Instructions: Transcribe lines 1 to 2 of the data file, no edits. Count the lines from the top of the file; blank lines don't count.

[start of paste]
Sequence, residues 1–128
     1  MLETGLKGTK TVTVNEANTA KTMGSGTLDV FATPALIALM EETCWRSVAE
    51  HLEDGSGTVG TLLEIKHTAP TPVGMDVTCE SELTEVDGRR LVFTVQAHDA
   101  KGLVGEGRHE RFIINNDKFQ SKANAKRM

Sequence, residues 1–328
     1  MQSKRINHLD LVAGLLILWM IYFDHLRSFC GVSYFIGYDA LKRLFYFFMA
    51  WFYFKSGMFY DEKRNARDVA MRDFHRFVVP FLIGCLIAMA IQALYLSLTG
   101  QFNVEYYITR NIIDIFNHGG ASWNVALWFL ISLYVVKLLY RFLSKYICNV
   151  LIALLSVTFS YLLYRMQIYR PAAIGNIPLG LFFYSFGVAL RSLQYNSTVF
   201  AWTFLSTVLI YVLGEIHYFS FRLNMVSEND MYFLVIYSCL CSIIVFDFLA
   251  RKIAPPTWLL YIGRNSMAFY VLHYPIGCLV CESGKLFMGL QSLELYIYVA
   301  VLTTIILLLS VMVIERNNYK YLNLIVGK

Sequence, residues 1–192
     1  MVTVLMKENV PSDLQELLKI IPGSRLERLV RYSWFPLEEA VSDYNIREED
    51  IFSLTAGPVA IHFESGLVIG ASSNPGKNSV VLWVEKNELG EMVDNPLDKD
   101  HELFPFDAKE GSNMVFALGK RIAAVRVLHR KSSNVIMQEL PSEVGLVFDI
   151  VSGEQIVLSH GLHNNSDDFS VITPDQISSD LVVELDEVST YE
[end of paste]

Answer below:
Sequence, residues 1–128
     1  MLETGLKGTK TVTVNEANTA KTMGSGTLDV FATPALIALM EETCWRSVAE